do, is indeed pretended by the French, and we believe only by the French, or those under their influence ; but there is demonstrably no ground for such a doctrine, either as they pretend to derive it from the law of nations, or from a just regard to the commercial advantage of neutrals. By establishing such a doctrine the French, while inferior at sea, would gain much, but the neutral American would certainly be a loser. If the principle, that “free ships make free goods,” had been established, as was vainly attempted, twenty-five years ago, neutrals would have been deprived of immense pecuniary advantages, which they have hitherto enjoyed, and would, in exchange, have derived from the innovation no benefit, to which they are not fully entitled by the acknowledged law of nations. By the operation of the laws of maritime war, the commerce of belligerents is subject to heavy losses and expenses, from which neutrals are exempt. This gives to the latter an advantage over the former, equal, at the least, to the full amount of those losses and expenses; or it drives the belligerent merchant from the sea, and thus leaves to the neutral a virtual monopoly of the whole commerce, which both had carried on. It in effect, therefore, enables the neutral to trade with the belligerent, without the possibility of the latter being an equal competitor ; of course it enables the neutral to sell unusually dear, and buy wnusually cheaf. He sells dear in the country of the belligerent, because a part of the supply is cut 2s, and a part carried at an ex; tremely dear rate. He buys the Products of the belligerent cheap, because a part of the usual buyers withdraw from the market, and Vol. III. No. 1.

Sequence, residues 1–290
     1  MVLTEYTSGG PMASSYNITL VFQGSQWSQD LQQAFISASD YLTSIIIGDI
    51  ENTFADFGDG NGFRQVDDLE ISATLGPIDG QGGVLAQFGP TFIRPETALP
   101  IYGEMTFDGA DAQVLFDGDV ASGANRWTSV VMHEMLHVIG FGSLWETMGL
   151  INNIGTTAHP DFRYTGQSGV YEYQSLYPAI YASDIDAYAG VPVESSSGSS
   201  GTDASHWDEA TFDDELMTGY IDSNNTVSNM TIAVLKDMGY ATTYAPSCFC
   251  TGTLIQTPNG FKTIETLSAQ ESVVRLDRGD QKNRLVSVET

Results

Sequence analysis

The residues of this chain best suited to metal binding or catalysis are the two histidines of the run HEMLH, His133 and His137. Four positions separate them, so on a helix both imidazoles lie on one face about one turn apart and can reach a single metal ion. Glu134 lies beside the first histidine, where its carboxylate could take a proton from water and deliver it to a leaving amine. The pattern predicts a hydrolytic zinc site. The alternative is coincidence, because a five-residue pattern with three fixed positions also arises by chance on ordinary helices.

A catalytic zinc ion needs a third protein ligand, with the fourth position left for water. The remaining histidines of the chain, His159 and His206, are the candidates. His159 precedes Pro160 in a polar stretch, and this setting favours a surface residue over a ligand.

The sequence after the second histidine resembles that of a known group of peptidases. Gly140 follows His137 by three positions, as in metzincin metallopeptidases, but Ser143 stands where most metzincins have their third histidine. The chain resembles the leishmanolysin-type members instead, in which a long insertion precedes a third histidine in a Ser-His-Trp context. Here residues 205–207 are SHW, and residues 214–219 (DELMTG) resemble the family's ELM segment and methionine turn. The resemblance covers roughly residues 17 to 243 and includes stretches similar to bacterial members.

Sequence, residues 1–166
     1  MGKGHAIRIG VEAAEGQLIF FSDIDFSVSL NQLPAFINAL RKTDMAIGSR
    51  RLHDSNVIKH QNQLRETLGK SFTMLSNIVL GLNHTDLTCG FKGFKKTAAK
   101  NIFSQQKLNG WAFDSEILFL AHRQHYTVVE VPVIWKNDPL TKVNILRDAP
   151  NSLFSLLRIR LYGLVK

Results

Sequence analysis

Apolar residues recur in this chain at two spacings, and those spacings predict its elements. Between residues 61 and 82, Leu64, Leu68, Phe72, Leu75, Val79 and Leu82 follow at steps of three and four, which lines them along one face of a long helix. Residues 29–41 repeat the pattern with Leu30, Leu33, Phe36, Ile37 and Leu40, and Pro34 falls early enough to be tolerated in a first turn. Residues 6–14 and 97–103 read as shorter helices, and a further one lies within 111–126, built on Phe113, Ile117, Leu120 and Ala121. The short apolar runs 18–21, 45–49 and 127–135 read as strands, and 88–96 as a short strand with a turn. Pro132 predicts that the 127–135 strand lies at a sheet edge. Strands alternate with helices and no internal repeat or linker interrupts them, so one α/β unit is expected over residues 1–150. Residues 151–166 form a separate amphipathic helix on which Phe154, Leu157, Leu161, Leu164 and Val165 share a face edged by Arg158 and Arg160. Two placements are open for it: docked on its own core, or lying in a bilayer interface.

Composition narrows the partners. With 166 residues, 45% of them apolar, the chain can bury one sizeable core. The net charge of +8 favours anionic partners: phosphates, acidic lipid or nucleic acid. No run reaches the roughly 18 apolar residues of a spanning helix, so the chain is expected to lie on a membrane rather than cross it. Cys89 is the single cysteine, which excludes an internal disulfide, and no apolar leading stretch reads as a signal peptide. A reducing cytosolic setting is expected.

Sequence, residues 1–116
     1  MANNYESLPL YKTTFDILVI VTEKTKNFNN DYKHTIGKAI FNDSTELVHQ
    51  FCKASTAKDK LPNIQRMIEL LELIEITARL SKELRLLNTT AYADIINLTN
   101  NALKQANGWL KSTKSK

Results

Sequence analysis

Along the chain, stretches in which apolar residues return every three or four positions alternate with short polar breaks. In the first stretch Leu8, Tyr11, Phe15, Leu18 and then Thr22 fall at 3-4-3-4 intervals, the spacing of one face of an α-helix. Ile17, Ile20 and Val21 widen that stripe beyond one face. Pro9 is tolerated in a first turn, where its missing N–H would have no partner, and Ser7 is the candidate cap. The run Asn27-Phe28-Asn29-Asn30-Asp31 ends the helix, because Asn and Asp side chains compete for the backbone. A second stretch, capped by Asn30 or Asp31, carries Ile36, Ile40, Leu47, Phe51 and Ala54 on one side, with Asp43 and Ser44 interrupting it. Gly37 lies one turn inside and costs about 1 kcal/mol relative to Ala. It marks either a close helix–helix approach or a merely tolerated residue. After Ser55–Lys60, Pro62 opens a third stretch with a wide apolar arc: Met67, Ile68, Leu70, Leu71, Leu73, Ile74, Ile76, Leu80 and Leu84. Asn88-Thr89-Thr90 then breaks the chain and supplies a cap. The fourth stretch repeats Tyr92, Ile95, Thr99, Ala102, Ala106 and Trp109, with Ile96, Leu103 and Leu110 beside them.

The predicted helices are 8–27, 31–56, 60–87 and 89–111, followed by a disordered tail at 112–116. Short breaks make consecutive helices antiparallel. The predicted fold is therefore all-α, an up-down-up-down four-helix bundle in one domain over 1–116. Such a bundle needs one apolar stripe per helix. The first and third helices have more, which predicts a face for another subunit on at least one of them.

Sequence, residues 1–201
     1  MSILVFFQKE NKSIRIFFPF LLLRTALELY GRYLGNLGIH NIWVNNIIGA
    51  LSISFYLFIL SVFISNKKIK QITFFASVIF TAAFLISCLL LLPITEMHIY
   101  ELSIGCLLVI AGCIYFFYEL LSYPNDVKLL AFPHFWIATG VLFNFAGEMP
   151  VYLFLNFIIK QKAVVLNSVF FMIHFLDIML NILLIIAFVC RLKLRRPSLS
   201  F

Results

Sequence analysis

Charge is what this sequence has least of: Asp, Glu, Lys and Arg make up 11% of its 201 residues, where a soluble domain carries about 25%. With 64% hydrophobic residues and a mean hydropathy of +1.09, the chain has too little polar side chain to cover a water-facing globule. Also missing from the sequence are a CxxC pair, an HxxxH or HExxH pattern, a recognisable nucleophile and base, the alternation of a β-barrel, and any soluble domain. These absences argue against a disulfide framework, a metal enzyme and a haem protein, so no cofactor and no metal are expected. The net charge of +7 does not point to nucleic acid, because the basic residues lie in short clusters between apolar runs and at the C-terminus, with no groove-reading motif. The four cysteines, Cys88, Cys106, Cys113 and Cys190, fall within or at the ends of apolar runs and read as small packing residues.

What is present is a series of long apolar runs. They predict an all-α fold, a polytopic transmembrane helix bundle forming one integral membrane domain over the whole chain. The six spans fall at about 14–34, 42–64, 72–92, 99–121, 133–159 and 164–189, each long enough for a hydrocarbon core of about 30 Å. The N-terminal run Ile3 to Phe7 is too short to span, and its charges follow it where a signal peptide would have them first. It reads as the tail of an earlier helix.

and others cannot afford the accusa tomed price. Thus the insecurity and increased expense of the belligerent’s own trade, augment the profits of the neutral, whose trade is safe. But if free ships made the goods free, all the commerce would be equally safe, and the neutral would have no new reward, but simple freight (always the lowest of mercantile wages) to compensate him for the various inconveniences, to which the war exposes him; that is, he would be confined to the earnings of a mere porter, instead of superadding the Profits of a merchant, and the income of a capitalist. . . We have great doubts, however, whether the decisions of 1756 af. ford any very clear authority, either for the present British principles, or for the claims of neutral nations. The state of things now in existence is totally unlike any thing that ever was in 1756, or in any war before 1793. Laws, to be of any use or authority, must be founded on their adaptation to existing circumstances. The controversy is a hew one, because there never was, till 1793, any room for agitating it. Never, till that time, were France and her allies stripped of all active commerce, and literally banished from the ocean. Of course, never till then were they obliged to use the aid of neutrals, or forego entirely the benefit of their colonial commerce. It is onr duty to state the fact. It is the duty of others, rhore adequate to the task, to draw from it the proper inferences. The author of the pamphlet proceeds through nearly one hundred pages, to enlarge upon the principle of the war of 1756, and to explain and vindicate the conduct of the British government, and the decisions of the admiralty.